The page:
Sir Frederick Grant Banting

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Sir Frederick Grant Banting


Canadian Physician and Physiologist

Frederick Banting, along with Charles H. Best (1899-1978), discovered insulin, a hormone secreted by the pancreas that regulates sugar in the blood. This discovery led to the treatment of diabetes, a fatal disease. For the discovery of insulin, Banting won the 1923 Nobel Prize for physiology or medicine, the first to be awarded to a Canadian.

Born November 14, 1891, near Alliston, Ontario, Canada, Banting was the youngest of five children of William Thompson Banting, a farmer whose parents were Irish immigrants. Banting attended the University of Ontario with the goal of becoming a Methodist minister, but changed to medicine and completed his degree in 1916.

After graduation, he was immediately drafted into the Canadian Medical Corps as a lieutenant during World War I. In 1918, while on the battlefield in France, his right arm was severely wounded by shrapnel, but he continued to attend to wounded men despite his own injury. In 1919 the British Government awarded him the Military Cross for bravery.

Returning to London, Ontario, in 1920, Banting set up a surgical practice. During the first year, however, he had only one patient. To help supplement his income, he took a job as lecturer in surgery and anatomy at the University of Western Ontario and became fascinated with the whole concept of medical research.

One sleepless night, while preparing for a lecture on how the body metabolizes carbohydrates, he came upon the work of two early researchers who found that when the pancreas of a dog was removed, the animal developed diabetes. However, when a small area of cells, called the islets of Langerhans, was preserved, the animals were normal. The studies gave Banting an idea of how he could establish the role of the pancreas in diabetes. He would tie off the pancreatic ducts of the dogs, preserving the cells of the islets. After 6-8 weeks, he would make an extract of the cells and inject it into dogs made diabetic by complete pancreas removal.

Banting traveled to Toronto to talk to J.J.R. Macleod (1876-1935), an expert of carbohydrates. Macleod was not impressed, but Banting persisted and convinced him that he could prepare an extract and give it to dogs that had been made diabetic through surgery. After six months of persuading, Macleod gave Banting a laboratory and provided him with an assistant who knew how to do analysis. That assistant, 22-year-old Charles Best, had just finished an undergraduate degree in chemistry.

Banting and Best performed the experiment. They chopped up the cells of the islets of Langerhans and injected the extract, which they called isletin—later insulin—into dogs with surgically removed pancreases. The dogs recovered. To avoid surgery to get insulin, they used the glands of fetal calves from the slaughterhouse and injected the dogs that were made diabetic by removal of the pancreas. Macleod, who had been on vacation during these experiments, was pleased with the work and gave Banting a position and enlisted James Collip (1892-1965), a Ph.D. in biochemistry, to assist.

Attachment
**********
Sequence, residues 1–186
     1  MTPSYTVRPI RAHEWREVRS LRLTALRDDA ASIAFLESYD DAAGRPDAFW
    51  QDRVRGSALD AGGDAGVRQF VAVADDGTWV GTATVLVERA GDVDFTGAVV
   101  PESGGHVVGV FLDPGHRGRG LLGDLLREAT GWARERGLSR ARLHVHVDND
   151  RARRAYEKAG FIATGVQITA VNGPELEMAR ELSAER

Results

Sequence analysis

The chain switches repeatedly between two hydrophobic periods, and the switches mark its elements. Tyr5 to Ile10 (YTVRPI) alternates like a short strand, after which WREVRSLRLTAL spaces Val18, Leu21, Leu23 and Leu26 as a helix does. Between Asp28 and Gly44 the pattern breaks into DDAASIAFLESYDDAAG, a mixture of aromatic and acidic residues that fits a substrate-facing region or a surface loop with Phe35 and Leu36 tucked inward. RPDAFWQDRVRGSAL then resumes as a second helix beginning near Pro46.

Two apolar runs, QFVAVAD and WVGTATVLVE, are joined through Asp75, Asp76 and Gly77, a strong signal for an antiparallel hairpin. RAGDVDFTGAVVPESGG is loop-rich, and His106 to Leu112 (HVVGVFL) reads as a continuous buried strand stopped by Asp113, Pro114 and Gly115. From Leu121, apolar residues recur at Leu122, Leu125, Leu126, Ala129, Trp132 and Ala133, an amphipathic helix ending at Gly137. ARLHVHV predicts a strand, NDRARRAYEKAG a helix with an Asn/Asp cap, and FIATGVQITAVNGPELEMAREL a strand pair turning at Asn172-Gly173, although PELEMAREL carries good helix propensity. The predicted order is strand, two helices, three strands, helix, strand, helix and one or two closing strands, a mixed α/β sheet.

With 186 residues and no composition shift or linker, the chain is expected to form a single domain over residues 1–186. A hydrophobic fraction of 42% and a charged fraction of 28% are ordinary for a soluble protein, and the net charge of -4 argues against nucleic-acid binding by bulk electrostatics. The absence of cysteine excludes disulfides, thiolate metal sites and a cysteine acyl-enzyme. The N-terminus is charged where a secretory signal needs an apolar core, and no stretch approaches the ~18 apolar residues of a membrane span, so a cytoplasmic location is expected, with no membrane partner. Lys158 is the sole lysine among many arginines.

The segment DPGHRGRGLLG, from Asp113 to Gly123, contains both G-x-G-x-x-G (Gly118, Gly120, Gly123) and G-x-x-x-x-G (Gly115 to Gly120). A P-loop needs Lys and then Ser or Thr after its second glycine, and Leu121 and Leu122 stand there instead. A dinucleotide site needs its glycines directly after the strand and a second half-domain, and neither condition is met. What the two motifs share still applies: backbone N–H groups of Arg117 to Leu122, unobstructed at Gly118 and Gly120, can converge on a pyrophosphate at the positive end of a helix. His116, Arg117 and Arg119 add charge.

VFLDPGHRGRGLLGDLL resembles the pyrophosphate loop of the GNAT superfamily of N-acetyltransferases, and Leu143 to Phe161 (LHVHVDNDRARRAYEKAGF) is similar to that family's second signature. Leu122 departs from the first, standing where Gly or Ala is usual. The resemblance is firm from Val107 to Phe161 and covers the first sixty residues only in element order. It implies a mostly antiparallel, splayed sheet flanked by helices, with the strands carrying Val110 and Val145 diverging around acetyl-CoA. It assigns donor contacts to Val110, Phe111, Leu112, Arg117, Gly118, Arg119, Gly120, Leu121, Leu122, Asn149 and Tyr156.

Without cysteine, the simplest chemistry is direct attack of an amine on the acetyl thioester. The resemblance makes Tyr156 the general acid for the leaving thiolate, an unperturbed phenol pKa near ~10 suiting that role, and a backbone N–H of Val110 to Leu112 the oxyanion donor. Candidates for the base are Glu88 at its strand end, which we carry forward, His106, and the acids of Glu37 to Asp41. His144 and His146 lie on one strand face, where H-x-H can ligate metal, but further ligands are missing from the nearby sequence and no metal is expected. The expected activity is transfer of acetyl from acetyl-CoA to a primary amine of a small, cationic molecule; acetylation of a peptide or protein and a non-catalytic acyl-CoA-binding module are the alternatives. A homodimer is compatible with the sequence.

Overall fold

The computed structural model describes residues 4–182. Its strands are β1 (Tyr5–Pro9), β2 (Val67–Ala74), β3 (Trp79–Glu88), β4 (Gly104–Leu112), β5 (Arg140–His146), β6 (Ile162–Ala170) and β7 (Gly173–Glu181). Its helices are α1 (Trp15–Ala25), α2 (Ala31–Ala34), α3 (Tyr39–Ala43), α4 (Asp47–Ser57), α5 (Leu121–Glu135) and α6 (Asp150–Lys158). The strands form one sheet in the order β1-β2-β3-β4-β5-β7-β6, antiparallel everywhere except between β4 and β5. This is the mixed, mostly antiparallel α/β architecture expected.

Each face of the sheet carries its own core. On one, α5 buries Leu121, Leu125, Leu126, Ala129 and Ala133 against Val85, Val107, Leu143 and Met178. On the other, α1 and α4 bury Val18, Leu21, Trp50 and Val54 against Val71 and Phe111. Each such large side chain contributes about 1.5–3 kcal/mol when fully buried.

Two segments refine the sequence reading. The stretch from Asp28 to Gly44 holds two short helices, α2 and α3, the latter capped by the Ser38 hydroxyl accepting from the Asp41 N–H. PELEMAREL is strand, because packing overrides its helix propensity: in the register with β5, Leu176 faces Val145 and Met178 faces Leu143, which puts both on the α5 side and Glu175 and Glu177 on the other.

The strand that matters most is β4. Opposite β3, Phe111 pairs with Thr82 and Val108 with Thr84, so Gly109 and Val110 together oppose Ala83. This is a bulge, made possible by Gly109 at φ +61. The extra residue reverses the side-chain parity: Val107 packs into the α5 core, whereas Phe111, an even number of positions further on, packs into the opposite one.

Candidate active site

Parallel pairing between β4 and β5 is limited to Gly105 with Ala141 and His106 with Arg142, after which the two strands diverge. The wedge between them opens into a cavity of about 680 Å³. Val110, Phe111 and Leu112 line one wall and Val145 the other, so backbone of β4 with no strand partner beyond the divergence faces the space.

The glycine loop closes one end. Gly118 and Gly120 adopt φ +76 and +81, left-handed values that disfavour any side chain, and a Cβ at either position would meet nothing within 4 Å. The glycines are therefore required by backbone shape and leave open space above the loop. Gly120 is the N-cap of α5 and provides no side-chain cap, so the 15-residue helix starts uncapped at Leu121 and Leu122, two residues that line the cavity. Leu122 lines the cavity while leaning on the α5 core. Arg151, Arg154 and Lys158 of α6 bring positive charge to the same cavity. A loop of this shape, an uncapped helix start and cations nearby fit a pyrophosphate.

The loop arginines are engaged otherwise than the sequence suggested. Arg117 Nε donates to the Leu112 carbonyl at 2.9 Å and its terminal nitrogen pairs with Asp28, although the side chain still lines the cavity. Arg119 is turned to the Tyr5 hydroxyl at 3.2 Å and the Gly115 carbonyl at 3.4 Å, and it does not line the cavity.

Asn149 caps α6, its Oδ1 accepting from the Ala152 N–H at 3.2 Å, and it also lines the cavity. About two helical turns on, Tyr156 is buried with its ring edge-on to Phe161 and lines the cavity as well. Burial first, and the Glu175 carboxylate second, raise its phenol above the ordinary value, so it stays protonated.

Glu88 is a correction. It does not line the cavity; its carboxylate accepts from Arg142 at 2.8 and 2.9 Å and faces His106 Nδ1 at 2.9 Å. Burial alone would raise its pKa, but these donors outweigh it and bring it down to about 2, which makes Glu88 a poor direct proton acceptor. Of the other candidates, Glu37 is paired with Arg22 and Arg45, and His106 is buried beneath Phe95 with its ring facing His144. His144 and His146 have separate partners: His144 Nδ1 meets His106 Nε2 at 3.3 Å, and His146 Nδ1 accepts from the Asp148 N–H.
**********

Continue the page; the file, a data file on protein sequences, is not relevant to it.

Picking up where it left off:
In 1922 the researchers tested insulin on 14-year-old Leonard Thompson, who had suffered with diabetes for two years. The use of insulin and a regulated diet enabled Thompson to live for 13 more years, when he died in an accident. The university contracted with the pharmaceutical firm Eli Lilly to produce insulin.

In 1923 the Nobel Prize for physiology or medicine was awarded to Banting and Macleod. Banting was furious that Macleod had a part in the award and not Charles Best, who had worked so diligently with him. The reason given was that Best did not have a doctorate at the time and Nobel prizes are only given to credentialed scientists. Banting gave half of his prize to Best. Macleod then gave half of his prize to Collip.

Banting received much praise and was given an annuity by the Canadian government. In 1923 he became head of the Banting and Best Department of Medical Research at the University of Toronto. He was knighted by the British Crown in 1934.

Not content with these successes, Banting launched into new areas of research on cancer, silicosis, and the effect of flying at high altitudes on the body.

Banting married in 1924 and had one son. The unhappy marriage ended in divorce in 1934, and in 1939 he married a technician from his laboratory at the university. He became very interested in art and collected paintings by Canadian artists.

When Canada entered World War II in 1939, Banting volunteered for service. He was killed in an airplane crash off the coast of Newfoundland on February 21, 1941, while on a medical military mission.


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Sir Frederick Grant Banting

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